At the end of last week, the United States Department of State approved the sale of helicopters in the Philippines , as part of an FMS (Foreign Military Sales) procedure. As is often the case with FMS, this does not necessarily presume a future contract between the Philippine Air Force and American industry. Indeed, the FMS are often granted by the authorities while the negotiations are not finished, which makes it possible to accelerate the sale and the delivery in the event that a firm contract is signed later.
This administrative feature explains why the FMS authorizations relate to two very distinct offers. One is the sale of six Bell AH-1Z Viper helicopters for $ 450 million. The other offer concerns six Boeing AH-64E Apache Guardians sold for an impressive amount of $ 1,5 billion! What left the choice to Manila, even if the American helicopters are not the only ones in competition in the Philippines. The price difference between the Viper and the Apache is due to several reasons.
Boeing/Bell : two very different offers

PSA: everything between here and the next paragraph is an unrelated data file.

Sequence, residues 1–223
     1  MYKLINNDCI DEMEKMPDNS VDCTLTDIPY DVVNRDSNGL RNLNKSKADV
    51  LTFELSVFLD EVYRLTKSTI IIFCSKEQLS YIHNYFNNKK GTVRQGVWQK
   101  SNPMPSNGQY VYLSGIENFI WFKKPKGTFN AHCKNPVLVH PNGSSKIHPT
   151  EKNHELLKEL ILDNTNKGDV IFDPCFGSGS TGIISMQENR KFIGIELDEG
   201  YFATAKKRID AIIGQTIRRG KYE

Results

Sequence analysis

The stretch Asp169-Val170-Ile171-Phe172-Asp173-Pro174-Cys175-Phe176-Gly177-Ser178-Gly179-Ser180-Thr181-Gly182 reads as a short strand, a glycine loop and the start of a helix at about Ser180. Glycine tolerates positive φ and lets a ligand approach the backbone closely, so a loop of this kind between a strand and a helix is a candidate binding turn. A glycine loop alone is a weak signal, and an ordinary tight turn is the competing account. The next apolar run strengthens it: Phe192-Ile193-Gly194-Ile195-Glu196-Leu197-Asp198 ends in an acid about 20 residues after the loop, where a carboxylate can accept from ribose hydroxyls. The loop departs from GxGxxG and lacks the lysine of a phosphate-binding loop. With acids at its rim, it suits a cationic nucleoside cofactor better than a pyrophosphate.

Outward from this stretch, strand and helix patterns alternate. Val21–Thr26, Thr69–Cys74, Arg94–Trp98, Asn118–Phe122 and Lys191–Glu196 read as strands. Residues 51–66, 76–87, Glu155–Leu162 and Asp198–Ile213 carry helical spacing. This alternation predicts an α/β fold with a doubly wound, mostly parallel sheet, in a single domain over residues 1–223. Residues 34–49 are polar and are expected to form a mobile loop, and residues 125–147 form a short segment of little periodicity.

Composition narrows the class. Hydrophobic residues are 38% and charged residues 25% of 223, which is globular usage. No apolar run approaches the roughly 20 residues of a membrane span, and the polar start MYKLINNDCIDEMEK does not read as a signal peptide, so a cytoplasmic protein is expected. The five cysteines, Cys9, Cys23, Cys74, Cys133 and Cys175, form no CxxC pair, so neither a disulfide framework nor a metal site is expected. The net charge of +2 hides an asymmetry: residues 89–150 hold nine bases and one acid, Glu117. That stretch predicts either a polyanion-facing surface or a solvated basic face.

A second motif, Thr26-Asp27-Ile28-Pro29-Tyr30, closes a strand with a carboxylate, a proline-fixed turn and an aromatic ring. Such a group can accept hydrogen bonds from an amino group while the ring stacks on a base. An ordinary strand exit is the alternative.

First, offers do not relate to the same content . The overall support associated with the Viper thus includes only a minimum of spare parts (in particular two spare engines and an additional navigation system) and a symbolic armament pack (six Hellfire missiles, twenty-six APKWS laser-guided rockets) . The Apaches, for their part, are offered with six spare engines, 200 Hellfire anti-tank missiles and 300 APKWS, much more consistent with operational use. Thus, if the Viper is selected, the Philippines will have to negotiate another sale for the supply of additional armaments, while the total amount of an Apache contract may be renegotiated downward. Indeed, the “Apache package" probably contains way more navigation systems (fifteen for six helicopters) and Stinger air-to-air missiles (200, or as many as the Hellfire that the Apache embarked in much greater numbers) that are needed for an initial package. As it stands, however, the difference in content between the two arms deals probably should not count for more than $ 100 million, not justifying the $ 1 billion difference.
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